Use PowerShell to Explore Nested Directories and Files

Summary: The Microsoft Scripting Guy talks about using the Get-ChildItem cmdlet to find, sort, and count folders.

Microsoft Scripting Guy, Ed Wilson, is here. In the summer, one’s heart turns to, well, numbers if one happens to work for Microsoft. Yes, it is review season. During review season, one has to figure out everything he (or she) has done during the previous year. So if you are a Scripting Guy, part of that has to do with how many Hey, Scripting Guy! Blog posts you wrote, how many Windows PowerShell scripts you wrote, how many screenshots you took, and so on. Luckily, they do not ask how many Tim-Tams I ate or how many cups of tea I drank. (I could probably figure it out, but I would not be able to use Windows PowerShell to do that. We have not yet written a kitchen provider). Today I am going to answer the question of how long have I been writing the Hey, Scripting Guy! Blogs.

Three secrets to using the Get-ChildItem cmdlet

When you use the Get-ChildItem cmdlet, there are three things you must know that are not immediately obvious:

  1. Use the force parameter to view hidden or system files.
  2. Use the recurse parameter to see subdirectories and nested files.
  3. Use the psIsContainer parameter to see only directories.

In the output shown here, the dir command (an alias for the Get-ChildItem cmdlet) returns only a few items.

PS C:\> dir


    Directory: C:\


Mode                LastWriteTime     Length Name

----                -------------     ------ ----

d-r--         7/22/2012   7:18 AM            data

d----         7/21/2012  11:41 AM            files

d----         7/23/2012   5:52 PM            fso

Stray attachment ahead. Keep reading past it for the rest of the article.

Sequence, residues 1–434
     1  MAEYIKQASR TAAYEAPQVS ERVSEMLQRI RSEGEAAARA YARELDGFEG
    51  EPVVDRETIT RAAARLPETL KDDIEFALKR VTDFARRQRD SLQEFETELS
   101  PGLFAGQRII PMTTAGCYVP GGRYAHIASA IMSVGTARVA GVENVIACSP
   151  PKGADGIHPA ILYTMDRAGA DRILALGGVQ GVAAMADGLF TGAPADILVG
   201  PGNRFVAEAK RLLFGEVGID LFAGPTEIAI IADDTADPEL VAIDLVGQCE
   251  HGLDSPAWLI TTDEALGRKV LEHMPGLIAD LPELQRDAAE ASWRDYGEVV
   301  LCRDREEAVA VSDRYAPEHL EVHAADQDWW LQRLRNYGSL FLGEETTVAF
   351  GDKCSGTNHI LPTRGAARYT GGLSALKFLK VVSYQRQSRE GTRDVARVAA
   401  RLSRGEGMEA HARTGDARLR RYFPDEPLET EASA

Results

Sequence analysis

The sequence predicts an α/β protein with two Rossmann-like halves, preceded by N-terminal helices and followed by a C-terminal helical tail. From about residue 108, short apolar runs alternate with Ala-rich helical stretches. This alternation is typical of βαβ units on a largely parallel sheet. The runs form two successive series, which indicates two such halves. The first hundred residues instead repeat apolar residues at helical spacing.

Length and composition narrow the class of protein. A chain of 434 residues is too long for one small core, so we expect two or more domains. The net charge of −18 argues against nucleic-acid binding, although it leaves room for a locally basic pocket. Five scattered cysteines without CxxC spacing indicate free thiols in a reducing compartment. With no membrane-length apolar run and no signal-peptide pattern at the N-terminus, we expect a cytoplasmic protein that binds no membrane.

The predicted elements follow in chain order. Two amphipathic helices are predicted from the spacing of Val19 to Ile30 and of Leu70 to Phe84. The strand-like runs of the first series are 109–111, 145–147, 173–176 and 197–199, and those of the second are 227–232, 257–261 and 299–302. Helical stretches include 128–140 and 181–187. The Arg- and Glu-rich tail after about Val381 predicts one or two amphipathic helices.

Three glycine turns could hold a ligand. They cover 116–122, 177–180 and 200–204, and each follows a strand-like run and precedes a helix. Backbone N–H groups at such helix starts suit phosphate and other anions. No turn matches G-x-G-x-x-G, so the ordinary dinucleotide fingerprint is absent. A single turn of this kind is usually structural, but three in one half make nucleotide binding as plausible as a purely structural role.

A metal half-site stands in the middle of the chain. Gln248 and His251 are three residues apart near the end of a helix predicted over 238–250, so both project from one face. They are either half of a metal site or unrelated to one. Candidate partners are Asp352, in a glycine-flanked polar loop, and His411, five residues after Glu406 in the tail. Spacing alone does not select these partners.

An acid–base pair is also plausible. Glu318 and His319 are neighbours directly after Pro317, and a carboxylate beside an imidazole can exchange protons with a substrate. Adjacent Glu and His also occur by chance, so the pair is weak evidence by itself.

d----         7/22/2012   8:55 PM            Intel

d----         7/14/2012   9:48 AM            PerfLogs

d-r--         7/22/2012   8:55 PM            Program Files

d-r--         7/22/2012   8:55 PM            Program Files (x86)

d----         7/22/2012   5:33 PM            trans

d-r--         7/22/2012   8:56 PM            Users

d----         7/23/2012  11:26 AM            VMs

d----         7/22/2012   8:56 PM            Windows

Use the Force to see hidden and system files

On the other hand, when I use the force parameter, many more items return. This action corresponds with the Show hidden and system files options in the folder view tool for Explorer. The thing is, this is an easy switch to forget, and one that really makes you feel foolish when someone reminds you of that oversight. It is a Homer Simpson doh! moment. This command is shown here.

Dir -force

The command the output associated with the command are shown in the image that follows.

Image of command output

Burrow into nested folders

If I need to burrow down into a directory structure, I need to use the recurse parameter. If I go back to my previous command from the root of the C:\ drive, and I add the recurse switch, it will return every single file on the entire computer hard disk drive, and will therefore take a bit of time. If, for example, I change to the ScriptingGuys folder, and I use the recurse parameter, I might use a command such as the one shown here.

Get-ChildItem -Path C:\data\ScriptingGuys -recurse

The output from the command begins by listing all of the folders under the ScriptingGuys folder. Then it lists files that appear in the root of the ScriptingGuys folder. When that process completes, it begins to burrow into the other folders. The command and the initial output from the command are shown in the image that follows.

Image of command output

Finding only folders or directories

To only return folders (or directories…or whatever we call them), use the psIsContainer property. This property returns a Boolean value, and it is therefore easy to toss into a Where-Object filter. The command to return only folders within my ScriptingGuys directory is shown here.

Get-ChildItem -Path C:\data\ScriptingGuys -recurse | where {($_.psiscontainer)}

In Windows PowerShell 3.0, the command is simplier due to leaving off the braces and the $_ character. The syntax is shown here.